Yes. In most cases, loan holders are required to stop collecting once they receive a completed discharge application. You can also request forbearance so that collection stops while you are gathering information for your application. However, the government says that it has the right to continue Social Security offsets while the application is pending. You may ask for a hardship suspension.
- Is evidence of a Social Security or Veteran Affairs disability decision sufficient to qualify for a student loan disability discharge?
For V.A., yes, if you have been determined to be unemployable due to a service-connected condition. For Social Security, in some cases yes as of July 1, 2013. Borrowers receiving Social Security disability benefits in the “medical improvement not expected” category can provide proof of these benefits instead of submitting a certification from a physician.
- Am I eligible for job-related loan forgiveness programs?
There are several job-related discharges that will cancel all or a portion of your federal loan if you work in certain professions, such as teaching. Some states also have loan forgiveness programs.
- Can I cancel my loan if I’m working in a public service job?
Yes, if you are eligible for the public service loan forgiveness program. The Department of Education administers this program. You must have a Direct Loan to be eligible. Borrowers with other federal government loans can consolidate with Direct Loans in order to obtain this benefit. In order to qualify, you must not be in default and you must have made 120 monthly payments (10 years of payments) on your loans AFTER October 1, 2007. You must be employed in a public service job at the time of the forgiveness and must have been employed in a public service job during the period in which you made each of the 120 payments.
- Can I get my federal loans canceled if I pay for a certain period of time, but am not working in a public service job?
Yes. The government will cancel any remaining balance if you make payments through an income driven repayment plan. Depending on the plan, the time period is either 20 or 25 years. At this point, unless the law changes, the canceled amount will likely be considered taxable income. However, you may not have to pay taxes if for example, you can show that you are insolvent. It is a good idea to consult a tax professional for more information.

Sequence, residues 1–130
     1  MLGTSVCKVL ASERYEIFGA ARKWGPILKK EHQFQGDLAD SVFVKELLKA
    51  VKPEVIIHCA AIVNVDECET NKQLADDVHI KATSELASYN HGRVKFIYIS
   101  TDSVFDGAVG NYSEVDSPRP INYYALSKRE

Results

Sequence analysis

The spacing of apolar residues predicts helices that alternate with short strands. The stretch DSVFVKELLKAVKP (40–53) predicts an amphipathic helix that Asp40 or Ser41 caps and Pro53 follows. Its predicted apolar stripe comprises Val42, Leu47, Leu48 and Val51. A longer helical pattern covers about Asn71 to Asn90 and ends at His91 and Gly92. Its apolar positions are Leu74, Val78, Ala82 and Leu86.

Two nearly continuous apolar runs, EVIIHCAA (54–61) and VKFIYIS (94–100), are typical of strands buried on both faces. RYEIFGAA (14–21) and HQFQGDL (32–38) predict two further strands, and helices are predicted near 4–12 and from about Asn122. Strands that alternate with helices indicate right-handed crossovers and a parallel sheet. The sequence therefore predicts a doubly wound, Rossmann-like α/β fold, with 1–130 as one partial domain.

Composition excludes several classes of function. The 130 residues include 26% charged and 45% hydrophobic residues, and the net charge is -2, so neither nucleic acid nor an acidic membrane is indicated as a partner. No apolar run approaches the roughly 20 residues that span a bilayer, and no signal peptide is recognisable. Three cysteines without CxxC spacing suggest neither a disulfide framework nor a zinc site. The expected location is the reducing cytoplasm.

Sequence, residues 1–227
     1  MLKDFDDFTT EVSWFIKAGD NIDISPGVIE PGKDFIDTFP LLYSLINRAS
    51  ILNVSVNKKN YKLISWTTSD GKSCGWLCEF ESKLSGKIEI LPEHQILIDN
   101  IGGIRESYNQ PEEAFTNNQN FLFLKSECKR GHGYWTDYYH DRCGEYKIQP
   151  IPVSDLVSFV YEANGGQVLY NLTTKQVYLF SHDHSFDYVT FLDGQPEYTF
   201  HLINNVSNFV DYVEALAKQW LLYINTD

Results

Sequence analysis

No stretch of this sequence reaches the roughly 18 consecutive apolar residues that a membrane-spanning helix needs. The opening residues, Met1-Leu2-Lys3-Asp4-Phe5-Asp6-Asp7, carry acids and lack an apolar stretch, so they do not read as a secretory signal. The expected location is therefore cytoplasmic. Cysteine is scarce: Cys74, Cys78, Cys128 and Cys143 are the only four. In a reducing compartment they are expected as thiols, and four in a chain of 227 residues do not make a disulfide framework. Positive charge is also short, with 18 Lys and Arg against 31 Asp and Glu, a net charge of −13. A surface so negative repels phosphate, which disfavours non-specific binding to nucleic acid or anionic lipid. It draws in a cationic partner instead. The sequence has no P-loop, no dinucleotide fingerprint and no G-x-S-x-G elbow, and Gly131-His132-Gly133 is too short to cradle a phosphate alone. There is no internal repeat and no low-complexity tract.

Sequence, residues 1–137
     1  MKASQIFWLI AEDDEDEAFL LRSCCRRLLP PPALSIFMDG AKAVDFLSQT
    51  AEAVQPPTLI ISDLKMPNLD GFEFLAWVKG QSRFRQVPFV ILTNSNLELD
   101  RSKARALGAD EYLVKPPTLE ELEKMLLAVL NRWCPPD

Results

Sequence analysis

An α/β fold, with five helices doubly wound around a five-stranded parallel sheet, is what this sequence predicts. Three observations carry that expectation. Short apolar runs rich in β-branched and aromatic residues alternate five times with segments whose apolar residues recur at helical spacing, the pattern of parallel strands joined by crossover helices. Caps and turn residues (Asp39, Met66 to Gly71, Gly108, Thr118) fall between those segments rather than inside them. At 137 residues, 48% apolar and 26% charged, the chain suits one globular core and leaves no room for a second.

- Will my student loan be discharged if I die?
If you have federal government loans, yes. This means that your estate will not have to pay back those student loans. Survivors can apply for a death discharge to cancel a borrower’s federal student loans.
Parent PLUS loans may be discharged if the student for whom the parent received the loan dies. Also, the death of both parents with a PLUS loan (assuming both took out the loan) is grounds for the “death discharge.” The death of only one of the two obligated parents does not cancel a PLUS loan.
There is no administrative discharge for private student loans if you die. Private loan debts will be handled the same way as other debts. That means that they will be part of your estate. This estate settlement process (also called probate) varies by state. Some private lenders will use their discretion and agree to discharge loans when a borrower or co-borrower dies.
- Can private student loans be canceled?
Yes, but only if the private lender has a cancellation program. Most do not, but some have announced full or partial cancellations due to death and disability.
F. Default and Delinquency
- Student Loan Payment Suspension Extended through September 30, 2021: What Borrowers Need to Know